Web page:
Karen E. Thudium, Pharm.D., M.Sc., is a senior scientist at Novartis Pharmaceuticals.
Sanela Bilic, Pharm.D., M.B.A., is a director/principal fellow of Clinical
Pharmacology at Novartis Pharmaceuticals.
“What’s in a name? That which we call an ADC by any other name would carry such power” (adapted from Romeo and Juliet, Shakespeare). The advent of targeted therapy (both small molecules and monoclonal antibodies) has led to numerous epic success stories like Gleevec and Herceptin. But these agents will have to share the stage with the advent of antibody drug conjugates (ADCs). The all-encompassing acronym, ADC, carries great fury, as these molecules represent an innovative and powerful biotherapeutic approach to treat disease by conjugating small cytotoxic molecules to antibodies. For example, Adcetris, an ADC approved for Hodgkin lymphoma and systemic anaplastic large cell lymphoma, was approved by the FDA in 2011 after profound clinical trial results (73% and 86% of patients experienced complete or partial response, respectively). And Kadcyla, an ADC consisting of trastuzumab linked to the cytotoxic agent payload (mertansine), was approved by the FDA earlier this year, showing “significantly prolonged progression-free and overall survival with less toxicity” compared to another treatment. From the small biotechnology industry to big pharma, those in the business of drug development are in a full throttle race to get their ADC to the clinic.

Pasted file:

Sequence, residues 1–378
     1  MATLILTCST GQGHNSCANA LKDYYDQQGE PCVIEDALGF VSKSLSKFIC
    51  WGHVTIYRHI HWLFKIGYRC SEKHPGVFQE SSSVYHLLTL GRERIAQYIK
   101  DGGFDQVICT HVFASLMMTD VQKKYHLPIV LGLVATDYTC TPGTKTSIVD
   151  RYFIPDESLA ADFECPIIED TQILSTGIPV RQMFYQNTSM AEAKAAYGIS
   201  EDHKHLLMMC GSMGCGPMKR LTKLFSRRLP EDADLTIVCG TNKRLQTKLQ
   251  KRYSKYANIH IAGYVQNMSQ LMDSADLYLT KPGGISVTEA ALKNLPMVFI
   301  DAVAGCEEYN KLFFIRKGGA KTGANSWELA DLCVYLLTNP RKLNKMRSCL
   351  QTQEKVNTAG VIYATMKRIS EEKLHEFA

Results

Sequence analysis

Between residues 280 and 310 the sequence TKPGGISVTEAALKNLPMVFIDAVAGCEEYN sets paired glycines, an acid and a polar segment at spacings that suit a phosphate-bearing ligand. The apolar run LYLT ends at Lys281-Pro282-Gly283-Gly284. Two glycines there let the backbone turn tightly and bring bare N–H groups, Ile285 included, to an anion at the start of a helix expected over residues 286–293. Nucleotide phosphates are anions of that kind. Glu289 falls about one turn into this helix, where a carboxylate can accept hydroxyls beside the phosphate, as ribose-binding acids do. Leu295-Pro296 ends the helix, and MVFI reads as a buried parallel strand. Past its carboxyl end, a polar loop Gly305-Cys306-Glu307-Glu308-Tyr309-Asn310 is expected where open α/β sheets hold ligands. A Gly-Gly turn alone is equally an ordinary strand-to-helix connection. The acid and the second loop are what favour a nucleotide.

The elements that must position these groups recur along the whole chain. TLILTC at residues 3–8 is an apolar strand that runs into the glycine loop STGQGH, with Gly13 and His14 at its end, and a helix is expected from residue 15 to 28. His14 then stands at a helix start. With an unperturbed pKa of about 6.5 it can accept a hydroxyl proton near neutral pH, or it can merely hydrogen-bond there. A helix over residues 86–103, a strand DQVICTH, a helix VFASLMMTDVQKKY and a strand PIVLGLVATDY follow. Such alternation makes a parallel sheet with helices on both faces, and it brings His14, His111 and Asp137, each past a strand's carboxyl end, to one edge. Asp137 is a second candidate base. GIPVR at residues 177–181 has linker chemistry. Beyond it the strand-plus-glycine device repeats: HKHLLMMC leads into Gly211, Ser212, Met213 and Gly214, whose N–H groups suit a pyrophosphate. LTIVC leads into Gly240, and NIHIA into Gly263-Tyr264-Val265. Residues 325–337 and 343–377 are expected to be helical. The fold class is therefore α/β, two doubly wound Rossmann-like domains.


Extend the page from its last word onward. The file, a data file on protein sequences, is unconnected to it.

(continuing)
However, you must take ADCs by thy power. They require thorough understanding of the biochemical, pharmacokinetic, and pharmacodynamic properties (among others). A front row seat at the AAPS Annual Meeting and Exposition short course Mechanistic PKPD to Overcome Translational Considerations for Antibody Drug Conjugates (ADC) and THIOMABs (TDCS)—Nonclinical to First in Human and Beyond offers you perspectives from ADC thought leaders who have been at the wheel and have first-hand experience using pharmacokinetic/pharmacodynamic approaches to characterize these dominating molecules from preclinical to clinical and through product launch. Attending this short course provides an exceptional opportunity to jump-start your knowledge and interact with the experts who can answer the question, “What’s in a name?”
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